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ment of the assembly, the parties proceeded to trial in the usual manner. The court before whom they appeared, however influenced they might be by the praejudicium of the people, were under no legal compulsion to abide by their decision ; and on the other hand it is not improbable {hat if the people refused to give judgment in favour of the complainant, he might still proceed against his ad­versary by a 7pa<£r), or a private action, according to the nature of the case. (Platner, Proc. und KL vol. i. p. 382.) .

The cases to which, the TrpogoA?} was applied were complaints against magistrates for official mis­conduct or oppression ; against those public in­formers and mischief-makers who were called crvico-<pdvrai ; against those who outraged public decency at the religious festivals ; and against all such as by evil practices exhibited disaffection to the state. (Harpoc. and Suidas, 5. v. KaraxsipOTOvia ; Pollux, viii. 46 ; Aesch. de Fals. Leg. 47 ; Isocr. Trepl (WiS. 344, ed. Steph.)

With respect to magistrates, Schomann (de Comit. p. 231) thinks that the irpogoAcu could only be brought against them at those e-nixeiporoviai which were held at the first Kvpia e/ocA^o-ia in every Pry-taneia, when the people inquired into the conduct of magistrates, with a view to continue them in office or depose them, according to their deserts. An example of magistrates being so deposed occurs in Demosth. c. Tkeocr. 1330. The people (says Scho­mann) could not proceed to the eVt^eipoTOt'ta ex­cept on the complaint (TrpoSoArj) of some individual; the deposed magistrate was afterwards brought to trial, if the accuser thought proper to prosecute the matter further. There appears, however, to be no authority for ^limiting the irpo€o\ai against magi­strates to these particular occasions ; and other writers have not agreed with Schomann on this point. (Platner, Proc. und Kl. vol. i. p. 385 ; Meier, Att. Proc. p. 273.)

An example of a Trpo§o\r} against Sycophants is that which the people, discovering too late their error in putting to death the generals who gained the battle of Arginusae, directed to be brought against their accusers. (Xen. Hell. i. 7. § 39.) Another occurs in Lysias (c. Agorat. 135, ed, Steph.), where the words (rv\\-f]€Sr)v a-jrai'res Kal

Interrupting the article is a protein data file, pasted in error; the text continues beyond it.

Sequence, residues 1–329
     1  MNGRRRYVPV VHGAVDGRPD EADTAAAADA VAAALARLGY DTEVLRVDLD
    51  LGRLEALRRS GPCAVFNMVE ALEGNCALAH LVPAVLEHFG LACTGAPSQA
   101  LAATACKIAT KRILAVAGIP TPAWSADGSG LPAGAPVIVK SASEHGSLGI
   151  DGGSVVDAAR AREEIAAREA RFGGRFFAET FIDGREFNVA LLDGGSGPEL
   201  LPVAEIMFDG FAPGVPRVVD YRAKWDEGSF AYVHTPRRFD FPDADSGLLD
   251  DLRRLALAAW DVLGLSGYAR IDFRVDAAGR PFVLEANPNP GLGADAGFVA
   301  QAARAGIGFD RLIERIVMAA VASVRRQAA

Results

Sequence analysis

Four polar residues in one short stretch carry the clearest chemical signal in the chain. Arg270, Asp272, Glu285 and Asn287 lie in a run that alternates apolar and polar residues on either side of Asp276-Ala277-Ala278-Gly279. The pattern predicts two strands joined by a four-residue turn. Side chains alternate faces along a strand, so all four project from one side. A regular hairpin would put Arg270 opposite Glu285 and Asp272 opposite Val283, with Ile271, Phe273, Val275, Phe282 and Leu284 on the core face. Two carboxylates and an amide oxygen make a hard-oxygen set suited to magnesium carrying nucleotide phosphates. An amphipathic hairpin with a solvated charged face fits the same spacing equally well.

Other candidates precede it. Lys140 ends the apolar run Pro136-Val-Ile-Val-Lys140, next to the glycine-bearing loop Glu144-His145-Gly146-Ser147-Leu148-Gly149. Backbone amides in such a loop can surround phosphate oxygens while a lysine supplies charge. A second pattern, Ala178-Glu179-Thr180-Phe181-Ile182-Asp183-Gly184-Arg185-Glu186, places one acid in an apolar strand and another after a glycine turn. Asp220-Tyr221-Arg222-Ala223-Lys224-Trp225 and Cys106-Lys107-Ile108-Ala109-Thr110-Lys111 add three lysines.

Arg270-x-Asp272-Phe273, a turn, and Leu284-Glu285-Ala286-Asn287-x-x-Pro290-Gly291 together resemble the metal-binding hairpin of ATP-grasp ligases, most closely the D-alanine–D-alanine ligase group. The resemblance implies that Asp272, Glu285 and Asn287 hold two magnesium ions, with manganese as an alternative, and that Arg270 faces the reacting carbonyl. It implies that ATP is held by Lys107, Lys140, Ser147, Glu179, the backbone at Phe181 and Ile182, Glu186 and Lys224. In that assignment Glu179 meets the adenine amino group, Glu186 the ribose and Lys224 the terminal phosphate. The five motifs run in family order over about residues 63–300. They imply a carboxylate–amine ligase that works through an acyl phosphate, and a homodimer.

eV T&J S^MCfJ Kal €V Tip 5lKa,(TT7]plti> (TVICO^aVTiaS

KaTfyvcare, describe the course of proceeding in this method of prosecution. (Schomann, de Com. p. 234.)

Those who worked the public mines clandes­tinely, and those who were guilty of peculation or embezzlement of the public money, were liable to a TrpogoA-^. A case of embezzlement is referred to by Demosthenes c. Mid. 584. (Schomann, /. c. ; Platner, Proc. und Kl. vol. i. p. 381.)

But the irpo€o\'f] which has become most cele­brated, owing to the speech of Demosthenes against Meidias, is that which was brought for misbeha­viour at public festivals. We learn from the laws cited in that speech (517, 518,571) that irpo€o\ai were enjoined against any persons who, at the Dionysian, Thargelian, or Eleusinian festival (and the same enactment was probably extended to other festivals), had been guilty of such an offence as would fail within the description of acreGeia trepi eopT'fjv. A riot or disturbance during the ceremony, an assault, or other gross insult or out­rage, committed upon any of the performers or spectators of the games, whether-citizen or foreigner,